Using GeneChips, basal and lipopolysaccharide (LPS)-induced gene expression was examined in the hippocampus of 3-, 12-, 18- and 24-month-old male C57BL/6 mice to identify genes whose altered expression could influence hippocampal function in advanced age. Gene elements that changed with age were selected with a t-statistic and specific expression patterns were confirmed with real-time quantitative PCR. Basal expression of 128 gene elements clearly changed with age in the hippocampus. Fourteen gene elements showed increased expression with age and these increases were validated after LPS stimulation. Major histocompatibility complex (MHC) TL region and thymic shared antigen (TSA-1) gene expression increased, suggesting T cell activation in the hippocampus with age. Cytokine (interleukin (IL)-1beta, tumor necrosis factor (TNF)-alpha) and chemokine (macrophage chemotactic protein-1) expression increased sharply in 24-month-old mice. These findings are in contrast to a decrease in the peripheral immune response, documented by decreased T cell proliferation and decreased ratios of naive to memory T cells. Age-related increases in inflammatory potential in the brain may contribute to neurodegenerative diseases of the aged.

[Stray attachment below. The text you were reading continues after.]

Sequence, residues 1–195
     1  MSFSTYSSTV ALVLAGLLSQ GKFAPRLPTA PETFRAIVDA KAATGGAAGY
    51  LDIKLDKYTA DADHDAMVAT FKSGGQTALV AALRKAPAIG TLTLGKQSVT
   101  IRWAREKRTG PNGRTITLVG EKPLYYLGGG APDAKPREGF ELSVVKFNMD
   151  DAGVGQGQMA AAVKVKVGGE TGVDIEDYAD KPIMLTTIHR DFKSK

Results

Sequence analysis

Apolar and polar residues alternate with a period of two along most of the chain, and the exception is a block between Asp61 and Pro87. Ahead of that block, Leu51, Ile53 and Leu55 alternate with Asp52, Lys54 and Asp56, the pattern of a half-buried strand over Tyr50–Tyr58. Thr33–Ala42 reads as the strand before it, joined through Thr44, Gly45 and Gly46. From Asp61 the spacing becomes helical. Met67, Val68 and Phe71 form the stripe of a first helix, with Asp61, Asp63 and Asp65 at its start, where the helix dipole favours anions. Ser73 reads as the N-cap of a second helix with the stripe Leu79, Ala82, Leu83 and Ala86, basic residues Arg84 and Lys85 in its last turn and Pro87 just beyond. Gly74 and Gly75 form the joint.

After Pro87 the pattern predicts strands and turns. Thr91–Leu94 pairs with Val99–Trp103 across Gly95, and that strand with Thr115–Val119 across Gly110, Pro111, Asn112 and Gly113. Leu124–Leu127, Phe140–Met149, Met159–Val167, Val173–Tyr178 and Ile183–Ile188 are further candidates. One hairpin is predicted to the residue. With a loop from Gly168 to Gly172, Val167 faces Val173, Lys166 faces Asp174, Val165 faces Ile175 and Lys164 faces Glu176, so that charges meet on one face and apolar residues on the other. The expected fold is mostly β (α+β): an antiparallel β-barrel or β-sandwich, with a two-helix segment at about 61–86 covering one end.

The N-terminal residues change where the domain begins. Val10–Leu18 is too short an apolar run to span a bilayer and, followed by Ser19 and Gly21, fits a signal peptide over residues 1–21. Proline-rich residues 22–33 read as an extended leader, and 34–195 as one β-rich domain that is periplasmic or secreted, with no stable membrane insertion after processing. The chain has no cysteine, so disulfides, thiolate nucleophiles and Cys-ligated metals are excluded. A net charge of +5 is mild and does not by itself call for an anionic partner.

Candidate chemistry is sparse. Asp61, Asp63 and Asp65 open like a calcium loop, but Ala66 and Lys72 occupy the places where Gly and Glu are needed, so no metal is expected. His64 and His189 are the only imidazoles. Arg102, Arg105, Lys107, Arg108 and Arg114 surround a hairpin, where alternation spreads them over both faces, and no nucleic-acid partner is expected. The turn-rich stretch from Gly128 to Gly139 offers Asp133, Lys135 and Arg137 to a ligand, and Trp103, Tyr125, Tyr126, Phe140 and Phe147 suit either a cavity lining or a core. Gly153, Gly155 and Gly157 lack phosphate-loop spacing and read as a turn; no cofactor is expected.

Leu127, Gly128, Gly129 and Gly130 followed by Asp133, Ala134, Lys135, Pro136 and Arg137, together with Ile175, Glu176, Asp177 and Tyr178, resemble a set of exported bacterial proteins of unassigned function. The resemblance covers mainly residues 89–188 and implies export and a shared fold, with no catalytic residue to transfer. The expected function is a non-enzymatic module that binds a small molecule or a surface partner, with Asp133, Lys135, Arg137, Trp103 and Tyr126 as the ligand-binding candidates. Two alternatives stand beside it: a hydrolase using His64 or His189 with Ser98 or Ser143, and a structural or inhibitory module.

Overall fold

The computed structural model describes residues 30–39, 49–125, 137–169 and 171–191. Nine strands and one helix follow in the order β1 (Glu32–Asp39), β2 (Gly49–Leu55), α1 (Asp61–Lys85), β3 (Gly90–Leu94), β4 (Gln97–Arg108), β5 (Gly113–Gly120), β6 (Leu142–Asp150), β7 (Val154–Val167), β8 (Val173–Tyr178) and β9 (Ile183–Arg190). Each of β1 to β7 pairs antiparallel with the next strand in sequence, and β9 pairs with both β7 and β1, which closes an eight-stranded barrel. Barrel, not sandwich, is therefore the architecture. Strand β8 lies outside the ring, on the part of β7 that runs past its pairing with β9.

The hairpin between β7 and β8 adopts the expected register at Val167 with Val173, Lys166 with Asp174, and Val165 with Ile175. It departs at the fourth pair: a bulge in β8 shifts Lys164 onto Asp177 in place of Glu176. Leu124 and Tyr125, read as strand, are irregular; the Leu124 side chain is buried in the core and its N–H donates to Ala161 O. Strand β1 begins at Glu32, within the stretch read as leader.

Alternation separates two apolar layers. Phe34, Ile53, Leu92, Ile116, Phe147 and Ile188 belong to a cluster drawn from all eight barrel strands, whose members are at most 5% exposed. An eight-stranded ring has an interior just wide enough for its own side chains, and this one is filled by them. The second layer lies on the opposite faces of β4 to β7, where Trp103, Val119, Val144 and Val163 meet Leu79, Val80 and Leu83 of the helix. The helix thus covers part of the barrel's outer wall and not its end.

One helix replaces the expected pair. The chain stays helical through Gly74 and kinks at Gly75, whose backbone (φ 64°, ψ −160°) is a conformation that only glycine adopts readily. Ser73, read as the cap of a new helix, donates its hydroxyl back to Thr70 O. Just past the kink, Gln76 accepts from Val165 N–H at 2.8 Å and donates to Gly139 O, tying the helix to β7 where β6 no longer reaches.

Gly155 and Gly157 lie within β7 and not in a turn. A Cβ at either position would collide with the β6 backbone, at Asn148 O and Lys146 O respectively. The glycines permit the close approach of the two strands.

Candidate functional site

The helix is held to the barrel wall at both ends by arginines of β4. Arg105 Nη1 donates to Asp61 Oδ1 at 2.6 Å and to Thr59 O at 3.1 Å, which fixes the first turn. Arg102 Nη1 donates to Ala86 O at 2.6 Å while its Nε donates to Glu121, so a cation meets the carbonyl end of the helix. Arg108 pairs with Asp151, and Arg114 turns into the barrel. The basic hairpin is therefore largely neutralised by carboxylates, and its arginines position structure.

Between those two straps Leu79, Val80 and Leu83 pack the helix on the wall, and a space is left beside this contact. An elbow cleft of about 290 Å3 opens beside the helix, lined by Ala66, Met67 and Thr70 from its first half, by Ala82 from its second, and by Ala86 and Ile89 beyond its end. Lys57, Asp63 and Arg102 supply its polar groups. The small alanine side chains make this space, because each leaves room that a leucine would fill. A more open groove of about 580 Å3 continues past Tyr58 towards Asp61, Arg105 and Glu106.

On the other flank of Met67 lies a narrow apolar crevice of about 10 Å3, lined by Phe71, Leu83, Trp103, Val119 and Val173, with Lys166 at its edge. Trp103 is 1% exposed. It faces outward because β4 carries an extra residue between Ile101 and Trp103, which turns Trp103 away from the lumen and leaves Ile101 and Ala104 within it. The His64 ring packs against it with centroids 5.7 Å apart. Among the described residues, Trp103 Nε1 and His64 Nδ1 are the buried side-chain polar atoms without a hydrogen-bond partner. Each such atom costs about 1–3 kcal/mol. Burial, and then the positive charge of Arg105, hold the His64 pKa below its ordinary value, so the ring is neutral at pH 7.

1. Adipose Gene Expression Profile Changes With Lung Allograft Reperfusion.

    Science.gov (United States)

    Diamond, Joshua M; Arcasoy, Selim; McDonnough, Jamiela A; Sonett, Joshua R; Bacchetta, Matthew; D'Ovidio, Frank; Cantu, Edward; Bermudez, Christian A; McBurnie, Amika; Rushefski, Melanie; Kalman, Laurel H; Oyster, Michelle; D'Errico, Carly; Suzuki, Yoshikazu; Giles, Jon T; Ferrante, Anthony; Lippel, Matthew; Singh, Gopal; Lederer, David J; Christie, Jason D

    2017-01-01